How to Spot a Great Teacher
Advice from an Admission Director
As you visit area schools to observe teachers, you may be asking yourself, “What should I look for when evaluating a teacher and school’s faculty?” If you have thought this, know that you are not alone. For many of us, it’s been several years since we have been in the classroom.
Prior to becoming a director of admission I was a classroom teacher for more than 20 years. I had the privilege to work with, observe, and learn from some truly gifted educators. When you see a remarkable teacher in action, it is awe-inspiring. Here are a few key things to look for that signal you’ve found a faculty member or teaching team that stands above the rest.
People who love what they do are passionate, and teachers should be the best example of that. Whether teachers are talking to you or their students, you should feel their sense of wonder, joy, and excitement about the subject they are teaching. If you get the sense that you or their students are bothering them instead, then something is not right. Great teachers want to share their enthusiasm and knowledge with others. Their classroom should also reflect their inspiration and spark the curiosity of all those who enter it as well.
Creative Problem Solvers
Teachers who excel anticipate challenges and have a toolbox full of ways to overcome those challenges. Whether they have a great sense of humor to re-engage a student who is struggling or can apply a variety of teaching methods to meet this child where they are, they never, ever give up. Great teachers would never succeed as old-fashioned bureaucrats—they thrive in situations that demand quick thinking and novel solutions.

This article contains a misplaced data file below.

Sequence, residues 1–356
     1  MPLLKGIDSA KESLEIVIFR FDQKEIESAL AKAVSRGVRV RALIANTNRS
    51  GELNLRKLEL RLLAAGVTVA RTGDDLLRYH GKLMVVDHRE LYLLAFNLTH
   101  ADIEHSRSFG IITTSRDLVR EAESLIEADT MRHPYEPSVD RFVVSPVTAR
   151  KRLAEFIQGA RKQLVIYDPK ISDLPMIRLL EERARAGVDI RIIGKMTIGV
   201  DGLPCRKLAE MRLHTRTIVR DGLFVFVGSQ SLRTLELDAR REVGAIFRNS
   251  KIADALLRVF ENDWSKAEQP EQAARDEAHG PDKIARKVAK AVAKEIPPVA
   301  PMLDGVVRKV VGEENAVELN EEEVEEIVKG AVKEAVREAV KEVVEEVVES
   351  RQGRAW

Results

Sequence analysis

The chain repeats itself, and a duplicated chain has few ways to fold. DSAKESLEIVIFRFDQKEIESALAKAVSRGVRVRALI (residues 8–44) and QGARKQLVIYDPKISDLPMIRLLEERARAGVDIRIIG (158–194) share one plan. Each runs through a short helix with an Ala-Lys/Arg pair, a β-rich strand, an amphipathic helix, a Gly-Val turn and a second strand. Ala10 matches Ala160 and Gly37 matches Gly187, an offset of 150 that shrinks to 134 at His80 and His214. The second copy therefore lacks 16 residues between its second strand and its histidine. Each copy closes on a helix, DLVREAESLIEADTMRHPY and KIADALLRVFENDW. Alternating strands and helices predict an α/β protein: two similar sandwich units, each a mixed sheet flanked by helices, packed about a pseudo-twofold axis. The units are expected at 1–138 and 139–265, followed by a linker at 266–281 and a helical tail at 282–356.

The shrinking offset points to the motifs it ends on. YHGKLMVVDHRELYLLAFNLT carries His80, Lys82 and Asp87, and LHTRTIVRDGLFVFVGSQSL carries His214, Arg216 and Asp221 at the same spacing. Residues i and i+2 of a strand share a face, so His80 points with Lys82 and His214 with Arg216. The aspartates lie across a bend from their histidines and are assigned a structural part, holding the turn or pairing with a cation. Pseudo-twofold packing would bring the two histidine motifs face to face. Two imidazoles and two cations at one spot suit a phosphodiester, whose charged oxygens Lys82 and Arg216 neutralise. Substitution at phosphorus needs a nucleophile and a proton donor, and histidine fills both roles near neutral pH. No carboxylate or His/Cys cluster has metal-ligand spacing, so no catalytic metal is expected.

Audience Experts & Conductors
A great teacher knows how to pace the lesson content based on their students’ age, the time of day, and depth of information they need to cover. They know how long they will be able to hold their student’s attention, when to stop and take a break, and what activity to add into the lesson to energize the classroom experience. They are maestros at what they do, making teaching look easy to the observer.
Research shows that engaged and informed teachers can be one of the most important school-related factors influencing student success. Top teachers constantly learn today’s best practices so that they may utilize those tactics, tips, and tools to support and nurture their students. For example, WES regularly hosts nationally recognized education experts to conduct onsite demonstration class lessons, facilitate discussions with teachers around best practices in instruction, and share methods about how to create high achievers in specific subject areas. Our school actively supports our faculty’s professional development, and our faculty holds these opportunities dear.
At Washington Episcopal School we are lucky to have many award-winning faculty who instruct every day, serve as mentors to our newer staff, and lead professional development sessions for faculty here and at other schools. They work hard to make connections with our students and to instill a love of learning. After meeting our faculty on our school tours, at back to school night, and other community events, parents and guardians often tell me, “Wow, I wish I could go back to school!” After you visit a school, you should feel the same way too. If you don’t, then maybe it is time to widen your search or ask to come back for another tour or campus event.
The investment of time and money in an independent school education is too great for you not to be excited about your children’s school day. Every child deserves to have teachers who make a difference in their life. Your job as a parent is to put your child in a school situation that makes that happen.